Enumerize TravisCI Gemnasium

Enumerated attributes with I18n and ActiveRecord/Mongoid/MongoMapper support

Installation

Add this line to your application’s Gemfile:

gem 'enumerize'

And then execute:

$ bundle

Or install it yourself as:

$ gem install enumerize

Usage

Basic:

```ruby class User extend Enumerize

enumerize :sex, in: [:male, :female] end ```

Note that enumerized values are just identificators so if you want to use multi-word, etc. values you should use I18n feature.

ActiveRecord:

```ruby class User < ActiveRecord::Base extend Enumerize

enumerize :sex, in: [:male, :female], default: lambda { user SexIdentifier.sex_for_name(user.name).to_sym }

enumerize :role, in: [:user, :admin], default: :user end ```

Mongoid:

```ruby class User include Mongoid::Document extend Enumerize

field :role enumerize :role, in: [:user, :admin], default: :user end ```

MongoMapper:

```ruby class User include MongoMapper::Document extend Enumerize

key :role enumerize :role, in: [:user, :admin], default: :user end ```

I18n:

ruby en: enumerize: user: sex: male: "Male" female: "Female"

or if you use sex attribute across several models you can use this:

ruby en: enumerize: sex: male: "Male" female: "Female"

You can also pass i18n_scope option to specify scope (or array of scopes) storring the translations. Note that i18n_scope option does not accept scope as array:

```ruby class Person extend Enumerize extend ActiveModel::Naming

enumerize :sex, in: %w[male female], i18n_scope: “sex” enumerize :color, in: %w[black white], i18n_scope: [“various.colors”, “colors”] end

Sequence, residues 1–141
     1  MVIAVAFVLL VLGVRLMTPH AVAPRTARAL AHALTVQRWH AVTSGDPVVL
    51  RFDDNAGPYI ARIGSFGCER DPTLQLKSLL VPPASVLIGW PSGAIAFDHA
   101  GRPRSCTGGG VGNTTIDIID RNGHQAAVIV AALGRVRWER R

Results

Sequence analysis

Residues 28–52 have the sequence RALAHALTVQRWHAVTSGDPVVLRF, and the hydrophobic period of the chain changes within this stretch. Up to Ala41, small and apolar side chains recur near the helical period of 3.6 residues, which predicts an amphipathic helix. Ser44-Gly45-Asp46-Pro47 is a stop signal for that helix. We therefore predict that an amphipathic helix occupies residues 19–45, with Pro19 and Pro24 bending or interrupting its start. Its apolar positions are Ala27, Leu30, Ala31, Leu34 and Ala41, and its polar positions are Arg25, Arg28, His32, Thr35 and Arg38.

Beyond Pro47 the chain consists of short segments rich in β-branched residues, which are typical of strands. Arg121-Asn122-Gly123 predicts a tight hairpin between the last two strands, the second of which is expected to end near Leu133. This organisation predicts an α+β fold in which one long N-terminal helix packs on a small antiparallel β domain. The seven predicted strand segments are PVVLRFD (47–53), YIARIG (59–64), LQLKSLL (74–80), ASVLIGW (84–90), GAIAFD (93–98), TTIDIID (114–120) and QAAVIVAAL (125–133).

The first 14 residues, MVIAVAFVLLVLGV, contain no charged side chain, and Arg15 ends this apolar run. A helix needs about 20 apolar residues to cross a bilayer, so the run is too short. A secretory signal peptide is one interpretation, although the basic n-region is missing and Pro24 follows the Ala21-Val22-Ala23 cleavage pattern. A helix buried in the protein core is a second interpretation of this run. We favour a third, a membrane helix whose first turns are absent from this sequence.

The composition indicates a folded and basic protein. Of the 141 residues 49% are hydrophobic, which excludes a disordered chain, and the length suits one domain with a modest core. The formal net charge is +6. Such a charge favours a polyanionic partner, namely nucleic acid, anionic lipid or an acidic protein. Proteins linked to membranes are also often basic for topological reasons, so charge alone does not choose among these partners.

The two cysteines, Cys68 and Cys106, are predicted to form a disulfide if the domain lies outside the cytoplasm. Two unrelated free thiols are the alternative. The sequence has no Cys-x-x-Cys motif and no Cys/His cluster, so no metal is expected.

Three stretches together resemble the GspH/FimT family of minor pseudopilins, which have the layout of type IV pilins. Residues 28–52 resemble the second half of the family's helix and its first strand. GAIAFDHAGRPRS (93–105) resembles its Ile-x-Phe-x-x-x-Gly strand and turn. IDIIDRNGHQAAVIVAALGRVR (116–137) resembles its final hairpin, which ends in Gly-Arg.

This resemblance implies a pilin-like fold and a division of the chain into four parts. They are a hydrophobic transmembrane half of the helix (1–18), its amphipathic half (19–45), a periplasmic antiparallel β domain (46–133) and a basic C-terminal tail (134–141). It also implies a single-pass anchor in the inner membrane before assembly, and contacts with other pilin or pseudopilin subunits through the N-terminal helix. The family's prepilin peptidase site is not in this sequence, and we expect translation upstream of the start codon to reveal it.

localization file

en: sex: male: “Male” female: “Female” various: colors: black: “Black” colors: white: “White” ```

Note that if you want to use I18n feature with plain Ruby object don’t forget to extend it with ActiveModel::Naming:

ruby class User extend Enumerize extend ActiveModel::Naming end

get attribute value:

ruby @user.sex_text # or @user.sex.text

get all values for enumerized attribute:

ruby User.sex.values # or User.enumerized_attributes[:sex].values

use it with forms (it supports :only and :except options):

erb <%= form_for @user do |f| %> <%= f.select :sex, User.sex.options %> <% end %>

Boolean methods:

ruby user.sex = :male user.sex.male? #=> true user.sex.female? #=> false

Predicate methods:

```ruby class User extend Enumerize

enumerize :sex, in: %w(male female), predicates: true end

user = User.new

user.male? # => false user.female? # => false

user.sex = ‘male’

user.male? # => true user.female? # => false ```

Using prefix:

```ruby class User extend Enumerize

enumerize :sex, in: %w(male female), predicates: { prefix: true } end

user = User.new user.sex = ‘female’ user.sex_female? # => true ``` Use :only and :except options to specify what values create predicate methods for.

To make some attributes shared across different classes it’s possible to define them in a separate module and then include it into classes:

```ruby module PersonEnumerations extend Enumerize

enumerize :sex, in: %w[male female] end